Grooming young reproductive health advocates


By Josephine Chinele:

STELEVAZIO —The usually have limited options

It is not an issue for young people in urban areas to share website links, videos, pictures and other related materials on fashion trends and many other ‘trendy’ things on social media platforms.

They are also privileged to get the latest news on issues that concern them through modern news avenues such as Twitter, Facebook, newspaper, radio and television. But rural youths of the same age have a different story to tell.


Chairperson for Mphatso Youth Club in Traditional Authority Kunthembwe in Blantyre, Matthews Mulaka, says their main avenue of information sharing, especially on sexual reproductive health and rights (SRHR) is through youth club meetings and weekly youth friendly health services (YFHS) gatherings they hold with healthcare workers.

Youth clubs in the area have an agreement with Chikowa Health Centre to be meeting every Saturday, where they discuss SRHR issues including how and where to seek medical attention within the health facility should they have reproductive health challenges.

“Youths of this area have for long been in information ‘blackout’, a thing which has greatly contributed to an increase in teenage pregnancies and sexually transmitted infections [STIs] including HIV and Aids,” he says.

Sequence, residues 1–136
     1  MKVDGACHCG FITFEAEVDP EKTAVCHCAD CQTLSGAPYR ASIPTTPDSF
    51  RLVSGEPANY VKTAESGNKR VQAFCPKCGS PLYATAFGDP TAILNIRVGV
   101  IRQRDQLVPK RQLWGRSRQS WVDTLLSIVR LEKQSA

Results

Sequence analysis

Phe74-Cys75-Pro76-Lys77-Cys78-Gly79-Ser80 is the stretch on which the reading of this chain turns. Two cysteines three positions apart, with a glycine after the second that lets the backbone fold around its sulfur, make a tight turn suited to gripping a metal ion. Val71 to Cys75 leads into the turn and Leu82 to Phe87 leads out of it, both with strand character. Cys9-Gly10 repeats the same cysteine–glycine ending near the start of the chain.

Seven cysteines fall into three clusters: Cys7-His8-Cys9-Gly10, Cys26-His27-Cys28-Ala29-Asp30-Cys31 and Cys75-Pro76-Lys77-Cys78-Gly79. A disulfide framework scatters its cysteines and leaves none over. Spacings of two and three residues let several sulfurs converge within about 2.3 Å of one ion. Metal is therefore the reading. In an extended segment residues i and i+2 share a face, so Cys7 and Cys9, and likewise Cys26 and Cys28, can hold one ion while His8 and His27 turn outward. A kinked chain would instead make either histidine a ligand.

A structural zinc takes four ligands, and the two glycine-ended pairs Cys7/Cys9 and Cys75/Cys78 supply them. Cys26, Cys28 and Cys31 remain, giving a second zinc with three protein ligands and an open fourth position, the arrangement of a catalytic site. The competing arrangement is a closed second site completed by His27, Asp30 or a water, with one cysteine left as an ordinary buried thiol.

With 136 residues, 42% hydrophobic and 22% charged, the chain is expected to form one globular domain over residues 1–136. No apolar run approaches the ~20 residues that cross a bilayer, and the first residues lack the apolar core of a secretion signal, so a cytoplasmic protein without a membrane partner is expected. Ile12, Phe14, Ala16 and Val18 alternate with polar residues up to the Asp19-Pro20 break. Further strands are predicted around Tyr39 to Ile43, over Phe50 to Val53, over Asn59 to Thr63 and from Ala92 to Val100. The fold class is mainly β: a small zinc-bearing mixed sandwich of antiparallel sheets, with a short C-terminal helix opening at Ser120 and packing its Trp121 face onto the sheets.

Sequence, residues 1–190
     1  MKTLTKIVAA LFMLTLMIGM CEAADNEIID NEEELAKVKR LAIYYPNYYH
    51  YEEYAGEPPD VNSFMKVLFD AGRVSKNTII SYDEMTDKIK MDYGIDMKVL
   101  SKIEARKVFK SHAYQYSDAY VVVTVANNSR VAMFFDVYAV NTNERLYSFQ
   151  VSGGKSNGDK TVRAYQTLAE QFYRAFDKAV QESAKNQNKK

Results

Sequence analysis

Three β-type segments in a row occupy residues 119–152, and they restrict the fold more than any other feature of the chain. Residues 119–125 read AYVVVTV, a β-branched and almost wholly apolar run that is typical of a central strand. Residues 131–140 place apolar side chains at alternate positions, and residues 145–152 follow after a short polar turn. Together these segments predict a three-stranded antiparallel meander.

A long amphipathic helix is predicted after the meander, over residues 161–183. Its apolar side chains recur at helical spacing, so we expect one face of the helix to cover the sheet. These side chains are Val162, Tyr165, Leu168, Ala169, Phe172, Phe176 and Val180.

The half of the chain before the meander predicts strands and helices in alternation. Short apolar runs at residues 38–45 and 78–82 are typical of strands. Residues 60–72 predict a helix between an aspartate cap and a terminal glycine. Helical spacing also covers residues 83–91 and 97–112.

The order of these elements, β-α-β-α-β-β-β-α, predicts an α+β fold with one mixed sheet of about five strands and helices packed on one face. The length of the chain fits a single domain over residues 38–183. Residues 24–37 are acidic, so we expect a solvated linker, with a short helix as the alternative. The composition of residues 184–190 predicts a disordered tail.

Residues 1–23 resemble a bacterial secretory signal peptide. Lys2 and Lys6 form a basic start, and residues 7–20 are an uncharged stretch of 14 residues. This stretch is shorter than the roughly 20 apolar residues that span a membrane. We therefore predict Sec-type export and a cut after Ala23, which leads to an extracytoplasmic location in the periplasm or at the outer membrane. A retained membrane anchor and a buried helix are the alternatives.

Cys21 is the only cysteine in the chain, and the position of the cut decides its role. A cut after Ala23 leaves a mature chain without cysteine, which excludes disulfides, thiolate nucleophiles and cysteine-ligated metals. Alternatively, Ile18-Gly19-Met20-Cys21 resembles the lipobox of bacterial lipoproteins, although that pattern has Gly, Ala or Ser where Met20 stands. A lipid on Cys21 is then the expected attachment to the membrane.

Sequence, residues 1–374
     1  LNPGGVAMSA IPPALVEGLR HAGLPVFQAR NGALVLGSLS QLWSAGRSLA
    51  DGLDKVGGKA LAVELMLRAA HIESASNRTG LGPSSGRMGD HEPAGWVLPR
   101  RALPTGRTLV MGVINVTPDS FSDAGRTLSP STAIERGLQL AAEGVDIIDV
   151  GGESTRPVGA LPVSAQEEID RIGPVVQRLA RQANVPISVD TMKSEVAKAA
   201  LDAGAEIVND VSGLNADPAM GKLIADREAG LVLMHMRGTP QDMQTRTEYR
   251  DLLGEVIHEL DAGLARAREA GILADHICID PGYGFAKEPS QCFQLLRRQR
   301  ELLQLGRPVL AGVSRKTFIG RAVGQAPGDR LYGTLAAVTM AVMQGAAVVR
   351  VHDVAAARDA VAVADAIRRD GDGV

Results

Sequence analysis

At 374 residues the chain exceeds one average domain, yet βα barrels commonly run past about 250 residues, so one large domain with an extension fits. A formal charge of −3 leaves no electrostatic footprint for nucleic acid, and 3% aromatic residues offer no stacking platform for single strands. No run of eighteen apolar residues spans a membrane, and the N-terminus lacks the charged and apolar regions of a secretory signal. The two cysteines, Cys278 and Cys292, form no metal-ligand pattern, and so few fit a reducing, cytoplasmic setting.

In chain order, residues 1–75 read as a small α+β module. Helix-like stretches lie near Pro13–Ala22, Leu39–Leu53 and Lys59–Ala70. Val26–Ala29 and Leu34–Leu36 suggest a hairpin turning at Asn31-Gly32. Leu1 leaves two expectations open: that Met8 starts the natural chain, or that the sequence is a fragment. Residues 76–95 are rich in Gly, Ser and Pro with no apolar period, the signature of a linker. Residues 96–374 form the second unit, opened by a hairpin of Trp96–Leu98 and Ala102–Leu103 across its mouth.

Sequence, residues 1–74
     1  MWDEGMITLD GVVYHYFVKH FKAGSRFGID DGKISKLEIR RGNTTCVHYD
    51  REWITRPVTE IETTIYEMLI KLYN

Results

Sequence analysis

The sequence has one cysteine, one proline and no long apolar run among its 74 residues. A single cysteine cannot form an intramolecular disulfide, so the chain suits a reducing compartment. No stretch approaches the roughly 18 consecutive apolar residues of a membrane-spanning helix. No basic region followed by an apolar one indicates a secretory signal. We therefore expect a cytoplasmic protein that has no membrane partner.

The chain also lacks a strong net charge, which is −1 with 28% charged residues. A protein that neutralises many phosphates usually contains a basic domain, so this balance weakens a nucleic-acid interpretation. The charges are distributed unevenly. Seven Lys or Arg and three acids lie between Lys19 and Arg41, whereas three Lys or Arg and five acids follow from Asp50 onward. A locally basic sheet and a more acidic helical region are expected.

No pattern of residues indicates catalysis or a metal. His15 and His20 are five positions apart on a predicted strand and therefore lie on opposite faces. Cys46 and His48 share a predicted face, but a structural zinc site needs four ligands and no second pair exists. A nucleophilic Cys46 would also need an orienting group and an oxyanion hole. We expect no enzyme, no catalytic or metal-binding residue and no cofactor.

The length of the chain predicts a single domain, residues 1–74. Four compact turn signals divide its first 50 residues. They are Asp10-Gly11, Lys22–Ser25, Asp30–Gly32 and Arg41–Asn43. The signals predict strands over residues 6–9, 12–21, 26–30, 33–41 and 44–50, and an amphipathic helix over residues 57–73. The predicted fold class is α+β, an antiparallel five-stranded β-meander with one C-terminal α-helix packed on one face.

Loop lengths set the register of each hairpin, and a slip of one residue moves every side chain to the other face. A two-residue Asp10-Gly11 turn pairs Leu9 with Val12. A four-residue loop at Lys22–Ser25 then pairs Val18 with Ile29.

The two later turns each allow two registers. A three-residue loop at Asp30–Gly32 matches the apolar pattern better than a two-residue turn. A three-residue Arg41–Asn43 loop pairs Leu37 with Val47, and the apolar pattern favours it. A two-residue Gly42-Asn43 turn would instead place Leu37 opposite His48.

Mulaka says for years, many organisations ignored the role the youths play towards their SRHR needs until 2015 when organisations started to go to the area with youth-tailored programmes.

“There was very little interest initially in the involvement of the youths on issues related to their sexual and reproductive needs. I am glad that we are now involved and I believe this will not end at youth club level but going beyond this,” Mulaka says.

Apart from the teen pregnancies and STIs, youths of this area have been involved in alcohol and substance abuse.

“This has been perpetuated by the high levels of poverty and orphanhood. When faced by both of them, they usually have limited options so they end up in transactional sex or getting married,” says Chrifa Stelevazio of Chikowa Youth Club.

Kunthembwe Youth Network, an umbrella of all youth clubs in the T/A, has over the years been establishing youth clubs and linking them with organisations and health service providers.

NKHATA—Rural youths have limited exposure

The network’s chairperson, Caroline Nkhata, says youth club meetings and youth friendly health services gatherings which are held with health care workers once a week are one of the few platforms available for information sharing with the youths.